Thursday 22nd April 2021 – CARLOS LOPEZ with Mike Smith
Xàbia Council presented its plans for the consolidation, not restoration, of the old Grandella Castle, the only one of these towers, which is protected as an Asset of Cultural Interest (BIC), which exists in the municipality and it is publicly owned.
In charge of developing the project is Evarist Torres, who revealed the details of the consolidation project of this building, originally built in 1739, which has an estimated cost of about 281,000 euros and that the Department of Culture hopes to be able to finance with different lines of subsidies. It’s high cost is due to the difficulty of access to the castle and the likely need for a helicopter to carry the materials to the site.
Torres explained that the consolidation consists of three phases:
First Phase: The restoration and recovery of the cistern, cleaning of the surfaces and selection of ashlars, collected in the different excavations that the museum promoted some years ago.
Second Phase: Consolidation work to give stability to the perimeter ashlar walls and stabilization of the masonry panels that formed the filling of the castle walls.
Third Phase: Filling the interior, recomposing the start of the spiral staircase that provided access the different parts of the defensive structure and highlighting the unique elements that remain, such as the start of the vault on the first floor and one of the embrasures.
In their presentation, both Torres and Ximo Bolufer, municipal archaeologist, offered details about the building, including the plans prior to its construction that the engineers drew up in Madrid and that later, when they saw the terrain, they modified to fit it to reality. The plans envisaged a three-level structure: lower floor (the warehouse), main floor and an upper floor where the watchtower was as well as two embrasures for the guns. With a plan of about 140 m² in the shape of a horseshoe or “ox’s hoof”, it has a wide curved wall facing east and a rectilinear wall in the west, the place from where the fortification was accessed. Bolufer explained that the tower had 5 guards, but in times of war, there would be 12 soldiers, three of which were gunners.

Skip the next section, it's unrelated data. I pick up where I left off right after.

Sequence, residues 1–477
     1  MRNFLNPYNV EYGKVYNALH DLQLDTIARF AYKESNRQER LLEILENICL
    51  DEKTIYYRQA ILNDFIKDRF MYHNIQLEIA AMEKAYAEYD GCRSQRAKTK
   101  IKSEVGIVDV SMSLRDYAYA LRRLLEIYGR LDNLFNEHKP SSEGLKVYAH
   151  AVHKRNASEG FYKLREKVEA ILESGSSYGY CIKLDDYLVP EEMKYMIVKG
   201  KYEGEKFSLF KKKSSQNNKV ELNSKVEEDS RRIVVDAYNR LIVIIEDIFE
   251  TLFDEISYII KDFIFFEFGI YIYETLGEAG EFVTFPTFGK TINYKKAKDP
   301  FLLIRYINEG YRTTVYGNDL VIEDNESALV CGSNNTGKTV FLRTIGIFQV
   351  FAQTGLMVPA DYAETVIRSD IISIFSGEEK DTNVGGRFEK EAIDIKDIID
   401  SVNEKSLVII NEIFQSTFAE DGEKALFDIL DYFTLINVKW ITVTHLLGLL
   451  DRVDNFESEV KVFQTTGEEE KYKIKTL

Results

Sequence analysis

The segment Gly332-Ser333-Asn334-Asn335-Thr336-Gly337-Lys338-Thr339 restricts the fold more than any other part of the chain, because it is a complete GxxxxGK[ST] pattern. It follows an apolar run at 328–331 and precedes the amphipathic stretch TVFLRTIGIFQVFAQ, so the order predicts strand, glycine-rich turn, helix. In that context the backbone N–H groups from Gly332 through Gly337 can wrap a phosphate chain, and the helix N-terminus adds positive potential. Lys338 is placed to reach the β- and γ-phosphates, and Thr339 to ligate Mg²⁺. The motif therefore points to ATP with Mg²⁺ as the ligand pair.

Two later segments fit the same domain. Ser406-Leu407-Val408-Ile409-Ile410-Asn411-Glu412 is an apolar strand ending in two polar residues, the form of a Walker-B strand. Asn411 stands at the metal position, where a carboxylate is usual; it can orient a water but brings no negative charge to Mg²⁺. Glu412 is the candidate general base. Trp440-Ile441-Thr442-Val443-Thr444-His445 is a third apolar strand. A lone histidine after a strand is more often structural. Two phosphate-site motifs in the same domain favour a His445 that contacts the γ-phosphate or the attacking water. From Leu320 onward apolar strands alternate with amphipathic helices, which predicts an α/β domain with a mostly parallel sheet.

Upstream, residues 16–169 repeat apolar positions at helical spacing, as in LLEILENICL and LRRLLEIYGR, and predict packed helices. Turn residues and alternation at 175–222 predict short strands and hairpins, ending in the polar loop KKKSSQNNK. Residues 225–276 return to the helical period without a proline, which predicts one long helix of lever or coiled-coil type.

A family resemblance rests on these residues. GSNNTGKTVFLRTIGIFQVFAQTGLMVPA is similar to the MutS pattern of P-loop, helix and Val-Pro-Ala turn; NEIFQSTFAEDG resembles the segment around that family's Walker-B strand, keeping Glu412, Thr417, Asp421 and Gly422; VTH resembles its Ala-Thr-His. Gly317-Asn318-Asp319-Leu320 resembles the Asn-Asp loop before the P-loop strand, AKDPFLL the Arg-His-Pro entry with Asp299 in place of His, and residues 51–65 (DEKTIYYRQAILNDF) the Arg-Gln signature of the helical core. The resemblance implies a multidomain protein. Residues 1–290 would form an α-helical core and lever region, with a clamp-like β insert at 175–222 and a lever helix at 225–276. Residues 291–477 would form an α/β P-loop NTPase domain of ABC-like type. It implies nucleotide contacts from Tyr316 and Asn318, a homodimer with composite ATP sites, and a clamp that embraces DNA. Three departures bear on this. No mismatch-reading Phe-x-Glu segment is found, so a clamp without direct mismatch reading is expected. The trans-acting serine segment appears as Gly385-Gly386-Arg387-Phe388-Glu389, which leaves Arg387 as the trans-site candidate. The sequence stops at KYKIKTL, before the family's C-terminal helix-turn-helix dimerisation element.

Granadella Castle in 1492
According to the archaeologist, the first documents that speak of the Granadella tower date from October 1492, although he clarified that in those times the entire coast of Xàbia was known as the Granadella and suggested that they actually referred to the Ambolo watchtower.
Later there is evidence of a surveillance point in the Tossal de la Xapa, which could be, according to Bolufer, the precedent of the current castle, which was built after the War of Succession in the 18th century.
He added that the remains of the castle “clearly” show that it was thoroughly destroyed with mines and charges of gunpowder that intended to destroy it, or at least render it useless. With this, Bolufer pointed out, they prevented the fortifications from passing into the hands of the French troops, and at the same time, they dismantled the defenses of the coast thinking about future conflicts with the Spanish crown.
The attempts by the Xàbia Council to recover the castle began in 1987 with a work camp for young people. Many years later, between 2001 and 2005, the Municipal Museum of Xàbia, with the financial support of the Council and the help of the Provincial Council, carried out three debris and archaeological monitoring campaigns, which allowed the entire structure of the building to be discovered, as well as recover a good set of archaeological materials.